DENVER -- Ruled ineligible at the University of North Carolina just before the 2016-17 school year, left-handed pitcher Hunter Williams found his innings in practice sessions with the team at Randolph-Macon College in Richmond, Va.There were no scholarship players at the Division 3 school. The "crowd" was scouts, who learned
DENVER -- Ruled ineligible at the University of North Carolina just before the 2016-17 school year, left-handed pitcher Hunter Williams found his innings in practice sessions with the team at Randolph-Macon College in Richmond, Va.
There were no scholarship players at the Division 3 school. The "crowd" was scouts, who learned Williams' whereabouts and showed up with their radar guns. But the program at Randolph-Macon now has the undying respect of Williams, who was a Rockies 11th-round selection in the 2017 MLB Draft on Wednesday.
"They were able to give me one day a week to come out and throw against their team during practice, when they weren't traveling," said Williams, who was 7-3 with a 2.24 ERA with 76 strikeouts and 49 walks for UNC in 2016. "They had some really good hitters."
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Williams also pitched in the Cape Cod League, a top collegiate wood-bat league, in 2015-16, and went 4-4 with a 2.34 ERA. His fastball was clocked as high as 97 mph, and he put away hitters with a power slider and a changeup.
Williams likely would not have lasted until the 11th round had he pitched this spring with the Tar Heels, one of the nation's top college programs. But at least he had somewhere to throw, thanks to the contacts in the scouting community of his agent, Andrew Lowenthal, and Randolph-Macon head coach Ray Hedrick.
The Giants had drafted Williams in the 32nd round in 2014 out of Cosby High School in Midlothian, Va. But Hedrick recruited some of Williams' teammates to Randolph-Macon and had a relationship with the high school coach. Lowenthal called scouts and word reached Hedrick, who was willing.
"People in the game know each other and take care of people," said Hedrick, who has experience in college wood-bat and pro ball, and at one point coached former Major League pitchers Chris Ray and Jared Burton. "It's my job as a coach to help guys get to the highest level possible, whether they're my guys or not.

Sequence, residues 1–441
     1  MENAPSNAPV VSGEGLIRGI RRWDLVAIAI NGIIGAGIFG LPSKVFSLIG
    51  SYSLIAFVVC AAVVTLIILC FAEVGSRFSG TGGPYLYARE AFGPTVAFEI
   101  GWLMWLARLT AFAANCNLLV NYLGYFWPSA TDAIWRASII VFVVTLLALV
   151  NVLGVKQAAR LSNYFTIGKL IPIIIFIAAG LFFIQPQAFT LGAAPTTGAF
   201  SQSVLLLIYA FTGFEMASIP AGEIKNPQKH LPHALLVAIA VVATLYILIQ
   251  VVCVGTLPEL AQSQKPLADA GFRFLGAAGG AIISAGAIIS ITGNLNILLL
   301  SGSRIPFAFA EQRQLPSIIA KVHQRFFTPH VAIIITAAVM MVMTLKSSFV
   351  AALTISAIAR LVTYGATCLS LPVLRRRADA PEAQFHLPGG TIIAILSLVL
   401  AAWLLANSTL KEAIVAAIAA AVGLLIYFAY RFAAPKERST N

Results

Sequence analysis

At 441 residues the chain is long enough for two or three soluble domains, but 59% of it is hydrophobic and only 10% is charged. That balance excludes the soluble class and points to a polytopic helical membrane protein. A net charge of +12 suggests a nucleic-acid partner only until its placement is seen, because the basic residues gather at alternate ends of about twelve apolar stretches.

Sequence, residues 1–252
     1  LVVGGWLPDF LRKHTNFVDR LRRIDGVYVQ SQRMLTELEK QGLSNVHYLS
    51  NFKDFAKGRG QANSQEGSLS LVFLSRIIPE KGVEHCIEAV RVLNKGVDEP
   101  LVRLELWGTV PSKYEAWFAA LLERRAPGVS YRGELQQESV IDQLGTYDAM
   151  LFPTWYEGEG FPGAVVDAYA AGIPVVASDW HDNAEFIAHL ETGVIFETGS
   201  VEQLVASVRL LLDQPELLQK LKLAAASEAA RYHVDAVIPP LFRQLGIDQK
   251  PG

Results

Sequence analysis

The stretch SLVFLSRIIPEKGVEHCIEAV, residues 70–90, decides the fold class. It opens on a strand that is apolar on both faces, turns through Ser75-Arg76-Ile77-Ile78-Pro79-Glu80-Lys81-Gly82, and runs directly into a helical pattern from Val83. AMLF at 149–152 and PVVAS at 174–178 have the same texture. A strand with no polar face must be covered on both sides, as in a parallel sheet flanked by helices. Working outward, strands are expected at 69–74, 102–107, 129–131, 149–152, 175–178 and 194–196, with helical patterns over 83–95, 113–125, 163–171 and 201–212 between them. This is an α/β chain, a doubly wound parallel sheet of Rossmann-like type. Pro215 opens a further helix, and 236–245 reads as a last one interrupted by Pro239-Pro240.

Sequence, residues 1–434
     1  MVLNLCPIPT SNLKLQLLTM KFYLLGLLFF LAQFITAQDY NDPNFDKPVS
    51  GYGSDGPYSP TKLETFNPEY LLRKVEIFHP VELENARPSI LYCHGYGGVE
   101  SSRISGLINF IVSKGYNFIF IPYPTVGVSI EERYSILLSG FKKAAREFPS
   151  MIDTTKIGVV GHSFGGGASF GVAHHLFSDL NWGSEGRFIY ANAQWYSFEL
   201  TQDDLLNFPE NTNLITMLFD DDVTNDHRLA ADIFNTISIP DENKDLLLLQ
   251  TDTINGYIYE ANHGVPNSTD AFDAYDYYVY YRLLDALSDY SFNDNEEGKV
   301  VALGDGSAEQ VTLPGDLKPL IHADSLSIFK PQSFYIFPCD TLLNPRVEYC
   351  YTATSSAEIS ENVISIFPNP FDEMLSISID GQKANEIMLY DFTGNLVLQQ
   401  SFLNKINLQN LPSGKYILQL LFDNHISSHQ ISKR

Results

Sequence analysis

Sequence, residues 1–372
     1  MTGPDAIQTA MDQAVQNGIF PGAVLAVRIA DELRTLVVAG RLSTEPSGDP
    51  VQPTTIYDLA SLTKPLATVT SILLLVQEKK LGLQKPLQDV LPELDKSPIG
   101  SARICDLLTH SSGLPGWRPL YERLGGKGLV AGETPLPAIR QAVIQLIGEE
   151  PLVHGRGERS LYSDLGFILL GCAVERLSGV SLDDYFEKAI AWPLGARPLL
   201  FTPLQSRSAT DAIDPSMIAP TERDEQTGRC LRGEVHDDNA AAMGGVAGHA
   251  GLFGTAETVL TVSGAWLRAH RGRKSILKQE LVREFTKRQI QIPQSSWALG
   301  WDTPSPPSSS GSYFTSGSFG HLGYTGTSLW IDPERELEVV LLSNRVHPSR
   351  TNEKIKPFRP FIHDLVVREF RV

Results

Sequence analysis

"It was a win-win for Hunter and for our program -- to have that type of exposure from scouts for all our players and that kind of energy around our program once a week."
After there were no more practices at Randolph-Macon, Williams threw in three games for the Washington (Pa.) Wild Things of the independent Frontier League.
"Those guys were open and willing to help me on my path forward, and they really knew the strike zone better than college hitters," Williams said.
At 6 foot 3 and 230 pounds, Williams never stopped working during this unique journey. Not having consistent game competition has taken some speed off his fastball, which was around 95 mph at North Carolina, but being back on a regular schedule for the Rockies at Rookie-level Grand Junction should help put him back on track.
"He's a great kid -- fun to be around, sort of the life of the party," Lowenthal said. "He lights up a room. You can tell he really loves being at the baseball field, loves pitching, loves competition. Guys like him tend to be successful."
"God was testing me -- he wanted to see how I was going to react to this," Williams said. "Everybody has to fall at some point in their life. I just tried to do everything possible to get back out there."
Thomas Harding has covered the Rockies since 2000, and for MLB.com since 2002. Follow him on Twitter @harding_at_mlb and** like his Facebook page**.